Electrospray ion beam deposition and mass spectrometry of nonvolatile molecules and nanomaterials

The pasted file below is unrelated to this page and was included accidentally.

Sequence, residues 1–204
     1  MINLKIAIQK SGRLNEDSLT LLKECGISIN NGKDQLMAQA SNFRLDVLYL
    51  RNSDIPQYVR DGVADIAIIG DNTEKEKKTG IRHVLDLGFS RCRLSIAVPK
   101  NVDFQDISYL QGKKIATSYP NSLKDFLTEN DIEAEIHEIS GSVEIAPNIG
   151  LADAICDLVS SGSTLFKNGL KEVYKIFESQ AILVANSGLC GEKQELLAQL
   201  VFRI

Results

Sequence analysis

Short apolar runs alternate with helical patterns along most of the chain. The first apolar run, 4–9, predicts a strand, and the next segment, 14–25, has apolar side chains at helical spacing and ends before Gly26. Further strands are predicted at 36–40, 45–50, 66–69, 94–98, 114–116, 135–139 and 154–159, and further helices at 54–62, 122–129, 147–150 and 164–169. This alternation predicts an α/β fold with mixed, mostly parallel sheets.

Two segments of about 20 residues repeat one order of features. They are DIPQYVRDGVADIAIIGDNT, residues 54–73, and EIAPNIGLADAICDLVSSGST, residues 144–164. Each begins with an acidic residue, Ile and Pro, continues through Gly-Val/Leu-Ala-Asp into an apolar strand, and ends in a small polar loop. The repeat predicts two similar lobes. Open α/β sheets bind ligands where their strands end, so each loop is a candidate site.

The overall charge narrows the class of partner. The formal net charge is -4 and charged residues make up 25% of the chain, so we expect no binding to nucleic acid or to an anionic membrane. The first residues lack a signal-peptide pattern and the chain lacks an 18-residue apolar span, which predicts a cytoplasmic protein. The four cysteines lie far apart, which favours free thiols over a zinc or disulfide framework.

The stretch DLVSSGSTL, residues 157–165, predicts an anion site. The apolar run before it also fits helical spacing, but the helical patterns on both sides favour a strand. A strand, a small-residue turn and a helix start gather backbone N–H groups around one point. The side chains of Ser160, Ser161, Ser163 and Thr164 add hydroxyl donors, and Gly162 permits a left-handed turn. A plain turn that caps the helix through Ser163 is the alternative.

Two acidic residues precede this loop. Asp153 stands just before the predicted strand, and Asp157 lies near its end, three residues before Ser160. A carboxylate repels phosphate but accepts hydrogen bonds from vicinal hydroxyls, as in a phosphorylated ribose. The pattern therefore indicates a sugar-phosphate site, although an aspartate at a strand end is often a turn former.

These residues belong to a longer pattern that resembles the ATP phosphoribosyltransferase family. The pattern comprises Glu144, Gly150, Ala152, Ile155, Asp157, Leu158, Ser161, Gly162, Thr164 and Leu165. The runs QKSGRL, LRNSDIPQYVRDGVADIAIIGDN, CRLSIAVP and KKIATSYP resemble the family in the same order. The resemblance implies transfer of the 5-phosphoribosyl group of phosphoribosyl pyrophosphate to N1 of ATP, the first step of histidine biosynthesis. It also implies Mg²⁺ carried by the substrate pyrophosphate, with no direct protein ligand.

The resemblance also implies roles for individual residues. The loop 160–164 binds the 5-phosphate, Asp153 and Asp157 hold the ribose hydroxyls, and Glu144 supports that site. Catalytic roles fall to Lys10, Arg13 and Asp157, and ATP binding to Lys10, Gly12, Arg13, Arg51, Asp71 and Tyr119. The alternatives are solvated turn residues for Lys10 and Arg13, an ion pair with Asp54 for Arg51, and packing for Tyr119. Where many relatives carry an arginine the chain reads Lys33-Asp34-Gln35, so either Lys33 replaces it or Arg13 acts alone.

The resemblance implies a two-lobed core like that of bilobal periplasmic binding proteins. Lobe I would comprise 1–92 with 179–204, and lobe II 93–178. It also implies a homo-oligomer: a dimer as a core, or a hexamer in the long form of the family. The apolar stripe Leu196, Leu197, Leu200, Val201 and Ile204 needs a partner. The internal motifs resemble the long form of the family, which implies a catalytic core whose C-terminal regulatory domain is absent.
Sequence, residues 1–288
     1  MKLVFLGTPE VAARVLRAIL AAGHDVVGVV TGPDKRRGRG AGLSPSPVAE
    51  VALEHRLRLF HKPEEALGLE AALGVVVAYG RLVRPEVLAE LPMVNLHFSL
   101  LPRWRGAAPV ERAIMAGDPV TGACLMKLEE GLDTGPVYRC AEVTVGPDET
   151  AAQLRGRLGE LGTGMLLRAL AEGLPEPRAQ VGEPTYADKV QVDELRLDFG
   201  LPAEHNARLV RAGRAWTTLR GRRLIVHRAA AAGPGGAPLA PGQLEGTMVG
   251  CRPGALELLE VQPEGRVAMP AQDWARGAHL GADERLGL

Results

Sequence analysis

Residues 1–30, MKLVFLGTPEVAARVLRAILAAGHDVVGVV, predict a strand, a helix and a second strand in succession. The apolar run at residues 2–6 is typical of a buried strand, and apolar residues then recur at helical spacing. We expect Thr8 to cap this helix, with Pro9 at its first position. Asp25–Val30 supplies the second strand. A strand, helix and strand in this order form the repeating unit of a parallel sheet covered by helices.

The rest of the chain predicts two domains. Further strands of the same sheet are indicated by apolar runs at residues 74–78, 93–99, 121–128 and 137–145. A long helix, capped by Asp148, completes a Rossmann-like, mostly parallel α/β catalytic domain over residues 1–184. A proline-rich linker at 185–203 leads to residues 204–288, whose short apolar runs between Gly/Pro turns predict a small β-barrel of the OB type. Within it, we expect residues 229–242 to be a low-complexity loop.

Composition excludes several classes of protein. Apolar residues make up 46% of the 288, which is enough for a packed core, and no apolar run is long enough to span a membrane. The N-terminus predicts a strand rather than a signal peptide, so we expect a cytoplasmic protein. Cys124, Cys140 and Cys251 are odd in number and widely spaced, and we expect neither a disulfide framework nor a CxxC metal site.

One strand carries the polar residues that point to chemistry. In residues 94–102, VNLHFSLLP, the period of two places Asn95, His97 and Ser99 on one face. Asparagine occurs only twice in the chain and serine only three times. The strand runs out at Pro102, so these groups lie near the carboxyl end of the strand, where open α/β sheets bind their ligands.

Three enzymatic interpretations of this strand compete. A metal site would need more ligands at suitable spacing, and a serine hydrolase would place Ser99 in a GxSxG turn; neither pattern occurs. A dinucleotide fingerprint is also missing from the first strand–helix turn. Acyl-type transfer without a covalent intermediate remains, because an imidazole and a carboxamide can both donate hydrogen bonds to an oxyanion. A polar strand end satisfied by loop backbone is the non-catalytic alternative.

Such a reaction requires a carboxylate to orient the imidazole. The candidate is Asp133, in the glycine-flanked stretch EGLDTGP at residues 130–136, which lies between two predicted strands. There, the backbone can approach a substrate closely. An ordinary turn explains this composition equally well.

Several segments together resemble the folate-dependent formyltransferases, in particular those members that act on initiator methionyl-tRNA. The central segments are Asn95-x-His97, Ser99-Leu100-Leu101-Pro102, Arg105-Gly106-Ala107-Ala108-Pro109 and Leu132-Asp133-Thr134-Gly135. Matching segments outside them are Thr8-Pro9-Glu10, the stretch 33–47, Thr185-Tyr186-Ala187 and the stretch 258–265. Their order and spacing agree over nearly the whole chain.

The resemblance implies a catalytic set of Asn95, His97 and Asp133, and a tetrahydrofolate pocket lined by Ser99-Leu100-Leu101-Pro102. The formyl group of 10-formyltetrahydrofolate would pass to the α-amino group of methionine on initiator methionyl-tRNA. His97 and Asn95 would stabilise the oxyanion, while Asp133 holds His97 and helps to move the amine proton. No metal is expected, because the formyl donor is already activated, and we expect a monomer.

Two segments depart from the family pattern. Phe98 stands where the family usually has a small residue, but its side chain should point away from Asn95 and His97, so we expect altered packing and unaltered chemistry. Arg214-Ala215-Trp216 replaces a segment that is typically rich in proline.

The vacuum deposition of complex functional molecules and nanoparticles by thermal sublimation is often hindered due to their extremely low vapor pressure. This especially impedes the application of ultrahigh vacuum (UHV) based analytical and surface modification techniques for the investigation of these extremely interesting systems. On the other hand, specimen prepared under ambient conditions or in solution are typically not sufficiently well-defined and clean to allow a thorough and precise characterization. In order to bridge this technological gap, a novel ion beam source for controlled soft landing deposition in ultrahigh vacuum is constructed. The ion beam of nonvolatile particles is created by electrospray ionization (ESI). The deposition apparatus consists of six differential pumping stages designed to overcome the pressure difference of 13 orders of magnitude between the ambient pressure side, where ionization occurs, and the high or ultrahigh vacuum, where the deposition takes place. A variety of ion optical devices is employed to form, mass select and guide the ion beam through the pumping stages onto the deposition target. The ion beam is sampled from a supersonic expansion by a skimmer, collimated in a high pressure quadrupole ion guide, mass selected in a low pressure quadrupole ion guide and focused by electrostatic lenses. In order to have full control over all relevant parameters, the ion beam is characterized before the deposition by a linear time-of-flight mass spectrometer and a retarding grid energy detector. The flux, the composition and the kinetic energy of the ion beam can thus be measured and adjusted. The concept of ion beam deposition in high and ultrahigh vacuum is demonstrated by extensive mass spectrometric and deposition experiments. Many different types of ion beams, for instance composed of organic molecules, organic and inorganic ionically bound clusters, polymers and proteins, are created by ESI. Their properties are analyzed by mass spectrometry, with special focus on their behavior upon energetic collisions with a neutral gas, since these processes bear many similarities to collisions with a solid surface. Some of the ion beams are used for deposition. Ion beams of the protein BSA , of the dye molecule Rhodamine 6G (Rho6G), of organic ionic surfactant clusters composed of sodium-dodecyl sulfate (SDS) and of inorganic nanoparticles (gold colloids, carbon nanotubes, CdS nanorods and V2O5 nanowires), are deposited onto graphite and silicon oxide (SiOx) surfaces in high vacuum. The fluorescence of Rho6G is detected after its deposition, which is a proof for the destruction-free ion beam deposition, i.e. of a successful soft landing. For the other classes of deposited particles, diffusion on the surface and sometimes formation of nanostructures is observed. BSA forms fractal agglomerations on graphite, while it does not show any diffusion on SiOx surfaces. SDS forms flat, two dimensional islands on graphite and silicon. Finally it is demonstrated that large, inorganic nanoparticles (up to 106 µ) can be ionized and soft landed by the developed apparatus. Having proven the principle of low energy ion beam deposition for a wide variety of nonvolatile particles, the technique is now ready for being integrated with in-situ characterization techniques such as scanning tunneling and atomic force microscopy (STM, AFM). For this purpose, the ion beam deposition setup has been expanded by two vacuum chambers for sample preparation and analysis. Future experiments aim at the deposition and analysis of complex organic molecules in UHV, and at gaining a more detailed understanding of the soft landing process.

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